Get it by Friday, August 25
, Order now and choose Expedited Delivery during checkout.
Same Day delivery in Manhattan. Details
First published in 1968, this contemporary case for vigorous Christian faith -- profusely illustrated by Charles Schulz's delightful peanuts cartoon strips -- sheds more light on the Christian faith and how it is to be lived than many more "serious" theological works, with hundreds of cartoons featuring your favorite peanuts characters Charlie Brown, Lucy, Linus, And of course, Snoopy (including the earliest red baron strips). This book's wise observations are as timeless as they are timely. "Short . . .succeeds in making theology enjoyable." --Christian Century ". . . a real delight from beginning to end. I could not possibly be more pleased." --Charles Schulz, creator of Peanuts
|Product dimensions:||5.31(w) x 8.00(h) x 0.75(d)|
About the Author
Robert L. Short has been writing and lecturing on Charles Schulz's Peanuts cartoon strips and the gospel for more than forty years. He is the author of the huge bestsellers The Gospel According to Peanuts and The Parables of Peanuts. An ordained minister and a widely traveled speaker in theology and the arts, Short was a close friend of Charles Schulz and holds graduate degrees in theology and literature from S.M.U., North Texas University, and the University of Chicago Divinity School.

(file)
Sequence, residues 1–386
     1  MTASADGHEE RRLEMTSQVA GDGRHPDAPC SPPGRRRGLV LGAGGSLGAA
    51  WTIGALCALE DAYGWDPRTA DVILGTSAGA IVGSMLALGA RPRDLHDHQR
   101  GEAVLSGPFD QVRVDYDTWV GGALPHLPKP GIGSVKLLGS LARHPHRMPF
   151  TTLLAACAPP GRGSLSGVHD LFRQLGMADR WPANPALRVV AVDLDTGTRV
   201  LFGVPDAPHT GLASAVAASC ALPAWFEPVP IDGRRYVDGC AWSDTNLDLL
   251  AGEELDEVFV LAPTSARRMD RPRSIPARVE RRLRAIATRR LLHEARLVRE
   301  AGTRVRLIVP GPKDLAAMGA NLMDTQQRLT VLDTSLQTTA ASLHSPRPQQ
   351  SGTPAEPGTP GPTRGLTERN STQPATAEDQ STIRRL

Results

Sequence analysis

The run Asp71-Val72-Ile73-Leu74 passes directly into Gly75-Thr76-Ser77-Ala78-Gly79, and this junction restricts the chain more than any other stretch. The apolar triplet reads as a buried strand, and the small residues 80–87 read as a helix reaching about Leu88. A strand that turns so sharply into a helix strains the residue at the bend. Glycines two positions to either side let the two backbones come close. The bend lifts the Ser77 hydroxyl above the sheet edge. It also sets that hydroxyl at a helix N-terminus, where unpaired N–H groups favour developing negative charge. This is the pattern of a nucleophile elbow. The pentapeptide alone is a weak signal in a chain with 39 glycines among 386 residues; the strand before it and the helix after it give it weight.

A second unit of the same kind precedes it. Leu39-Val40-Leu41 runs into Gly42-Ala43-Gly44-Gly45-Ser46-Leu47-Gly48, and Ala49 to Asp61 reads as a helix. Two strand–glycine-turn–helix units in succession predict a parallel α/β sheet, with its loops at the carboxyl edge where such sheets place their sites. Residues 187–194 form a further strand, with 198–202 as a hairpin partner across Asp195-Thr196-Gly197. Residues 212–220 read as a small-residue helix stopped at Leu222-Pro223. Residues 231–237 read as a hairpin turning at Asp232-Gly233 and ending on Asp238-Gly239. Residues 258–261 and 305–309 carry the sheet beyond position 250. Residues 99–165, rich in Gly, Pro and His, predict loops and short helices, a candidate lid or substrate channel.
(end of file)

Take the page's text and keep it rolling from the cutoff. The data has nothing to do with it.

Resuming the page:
Most Helpful Customer Reviews
Who would have thought that our 'Peanuts' friends were orators of so many deep spiritual truths? Short's explanation of and purpose for parable alone was well worth the time invested in reading 'Parables of Peanuts'. I felt as though the author helped me walk through many puzzling Biblical truths like a man being led through a forest, hand-in-hand, by an excited child who was very familiar with the environment and enthusiastically pointing out simple beauties that my 'adult-ness' had blinded any appreciation at all. This book of 'simplified complexities' makes it a safe read to recommend to any of my friends - from the casual inquirer to those in professional ministry. Such an oxymoron can only be understood by those who appreciate a tear on the cheek of an elderly person while a congregation sings 'Jesus Loves Me, This I Know'.